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Clinical Trials Concept Proposal: Thirty-One Essential Elements

Gordon B. Hughes

DOI: 10.1044/cred-gsd-ps-cpri004

Presented at the Clinical Practice Research Institute (CPRI). Hosted by the American Speech-Language-Hearing Association Research Mentoring Network.

Essential Elements

1. List the title of the proposed research, the Principal Investigator(s), and the institution(s).

2. If prior clinical trial experience is minimal, appoint clinical trial expert(s) as key personnel to help with study design and execution.

3. Appoint a biostatistician, preferably with clinical trial experience, as key personnel.

4. Describe the target disease, primary study objective, and any secondary objectives.

5. Briefly describe the scientific rationale for the study. State the compelling public health need and the trial’s potential impact on medical care.

6. Briefly describe the study design and indicate, in general terms, how the design will fulfill the intent of the study. For a preliminary phase I or II clinical trial, describe how it will be used to formulate a definitive phase III clinical trial.

7. Applications require compelling preliminary data. Are preliminary data adequate?

8. Describe the informed consent process and human subjects protections. If risks are minimal, describe a data safety plan. Describe how adverse events will be reported.

9. If risk is more than minimal, appoint an independent Medical Officer to help manage adverse events. Is Data Safety Monitoring Board required? Describe a detailed adverse event reporting plan.

10. If risk is more than minimal, describe an interim monitoring plan, including the schedule of interim analyses and stopping rules for safety.

11. Consider ethical considerations of the proposed research. For example, placebo-controlled trials may be unethical if standard-of-care treatment exists.

12. List specific inclusion and exclusion criteria. How will these criteria impact on subject recruitment and retention? Describe the method for identifying and recruiting subjects.

13. Describe the number of subjects to be enrolled, and the number of clinical sites needed to meet target enrollment.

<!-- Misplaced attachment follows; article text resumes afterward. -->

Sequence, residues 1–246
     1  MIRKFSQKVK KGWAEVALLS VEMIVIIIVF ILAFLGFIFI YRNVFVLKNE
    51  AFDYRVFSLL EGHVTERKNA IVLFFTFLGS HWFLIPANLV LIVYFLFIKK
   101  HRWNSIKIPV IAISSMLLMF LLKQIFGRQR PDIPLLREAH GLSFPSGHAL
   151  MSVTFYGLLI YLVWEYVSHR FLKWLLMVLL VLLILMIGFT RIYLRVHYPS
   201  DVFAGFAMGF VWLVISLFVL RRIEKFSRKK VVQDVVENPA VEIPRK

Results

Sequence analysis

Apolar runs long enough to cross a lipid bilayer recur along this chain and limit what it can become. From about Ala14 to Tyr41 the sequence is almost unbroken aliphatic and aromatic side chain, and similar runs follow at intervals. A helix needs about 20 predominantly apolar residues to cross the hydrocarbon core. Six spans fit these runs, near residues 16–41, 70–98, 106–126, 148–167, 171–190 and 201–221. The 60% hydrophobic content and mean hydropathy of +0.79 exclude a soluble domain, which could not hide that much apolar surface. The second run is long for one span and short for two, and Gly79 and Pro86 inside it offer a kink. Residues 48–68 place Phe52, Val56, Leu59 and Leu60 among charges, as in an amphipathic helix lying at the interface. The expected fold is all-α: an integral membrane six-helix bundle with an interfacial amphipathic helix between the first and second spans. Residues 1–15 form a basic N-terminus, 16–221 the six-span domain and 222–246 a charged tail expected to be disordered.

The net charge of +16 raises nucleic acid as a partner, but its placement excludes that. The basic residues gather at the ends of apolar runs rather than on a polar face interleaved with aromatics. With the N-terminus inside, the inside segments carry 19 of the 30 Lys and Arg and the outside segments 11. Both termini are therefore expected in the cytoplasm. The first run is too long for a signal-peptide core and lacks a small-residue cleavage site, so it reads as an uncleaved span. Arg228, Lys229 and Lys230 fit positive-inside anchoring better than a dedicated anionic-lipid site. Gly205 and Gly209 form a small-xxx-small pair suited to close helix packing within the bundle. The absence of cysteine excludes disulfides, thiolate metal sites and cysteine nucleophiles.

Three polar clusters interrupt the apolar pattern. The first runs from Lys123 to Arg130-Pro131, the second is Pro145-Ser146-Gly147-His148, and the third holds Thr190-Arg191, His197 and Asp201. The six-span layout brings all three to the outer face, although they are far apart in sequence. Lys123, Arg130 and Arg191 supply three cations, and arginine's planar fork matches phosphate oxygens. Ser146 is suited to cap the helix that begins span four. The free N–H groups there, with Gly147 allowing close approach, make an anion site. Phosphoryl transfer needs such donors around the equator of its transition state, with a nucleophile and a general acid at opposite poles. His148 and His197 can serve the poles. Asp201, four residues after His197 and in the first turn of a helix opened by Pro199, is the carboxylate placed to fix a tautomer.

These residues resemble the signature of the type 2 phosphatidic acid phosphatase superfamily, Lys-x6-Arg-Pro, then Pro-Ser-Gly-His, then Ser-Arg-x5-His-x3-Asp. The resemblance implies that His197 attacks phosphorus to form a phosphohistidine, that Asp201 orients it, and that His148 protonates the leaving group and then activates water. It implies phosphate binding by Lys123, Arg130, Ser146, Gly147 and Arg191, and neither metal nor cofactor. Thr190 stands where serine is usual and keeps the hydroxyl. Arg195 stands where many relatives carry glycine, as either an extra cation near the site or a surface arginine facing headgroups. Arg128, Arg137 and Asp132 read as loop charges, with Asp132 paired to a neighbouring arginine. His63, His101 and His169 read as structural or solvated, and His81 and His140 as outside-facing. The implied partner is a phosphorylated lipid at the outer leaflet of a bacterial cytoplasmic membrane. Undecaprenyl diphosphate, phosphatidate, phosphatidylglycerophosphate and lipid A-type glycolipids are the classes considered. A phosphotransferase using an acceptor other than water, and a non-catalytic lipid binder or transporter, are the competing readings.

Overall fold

14. Describe the statistical and clinical basis for the sample size calculation.

15. Describe the extent and type of blinding/masking. If possible, persons measuring the primary outcome should be masked.

16. Describe the randomization procedure.

17. Describe how the intervention will be administered, including dose and duration as applicable.

18. How will fidelity checks be used to insure that each subject receives the correct treatment?

19. Describe the primary and secondary outcomes and how they will be measured. Only one primary outcome measure at one endpoint is permitted; all other measurements are observational.

20. List the statistical methods to be used to analyze these outcomes. Specify whether an intention-to-treat analysis will be performed.

21. Explain how missing data, outliers, noncompliance and losses to follow-up will be handled in the analysis.

22. Describe how data will be handled and stored. How will data integrity and confidentiality at individual sites be confirmed? Double-blind trials require an independent Data Coordinating Center.

23. Specify stopping rules for efficacy, futility, or poor study performance. For phase I and II trials, specify an efficacy threshold needed to progress to a phase II or III trial.

24. Do not underestimate trial duration. Allow ample time for start-up, planned enrollment, follow-up to endpoint, and close-out.

25. Do not underestimate trial cost. For phase II and III trials, budget for a Clinical Coordinating Center, Data Coordinating Center, and Data Safety Monitoring Board as needed.

26. For a new drug or device, try to obtain an IND, IDE or written waiver from the FDA before submitting the application. Letters of Approval can be sent after submission, and will be included in review if received thirty days in advance.

27. Name the participating pharmaceutical or device manufacturing company, if any.

28. Do you or any member of your Study Team have a financial conflict of interest or hold a patent for the use of the intervention in this protocol?

29. For phase II or III trials, have you considered collaborating with an NIDCD clinical research network such as CHEER?

30. Estimate direct costs for all years of funding. Notify the Program Officer thirty days before submission if you are requesting $500,000 direct costs in any year.

31. Indicate a planned submission date.

Further Reading: Sample of NIDCD Clinical Trials

Formby/Scherer – Tinnitus Retraining Therapy Trial (TRTT) []

Fridriksson – Brain Stimulation and Aphasia Treatment (tDCS) []

Verdolini – Voice Therapy for Teachers With Voice Problems []

Hartnick – Randomized Controlled Trial of Voice on Children With Vocal Nodules []

Cherney – Transcranial Direct Current Stimulation and Aphasia Language Therapy []

Humes – At-home Auditory Training Clinical Trial []

Kurland – Overcoming Learned Non-Use in Chronic Aphasia []

Storkel – Accelerating Word Learning in Children With Language Impairment []

Grigsby/Sharma – Effectiveness of Therapy Via Telemedicine Following Cochlear Implants (TACIT) []


National Institute on Deafness and Other Communication Disorders (NIDCD). (2012). Clinical Trials: Information for Researchers and Health Professionals. NIDCD: Research: Clinical Studies: Clinical Trials (Available from the NICDC Website at

Gordon B. Hughes
National Institute on Deafness and Other Communication Disorders, NIH

Presented at the Clinical Practice Research Institute (CPRI). Hosted by the American Speech-Language-Hearing Association Research Mentoring Network.

Copyrighted Material. Reproduced by the American Speech-Language-Hearing Association in the Clinical Research Education Library with permission from the author or presenter.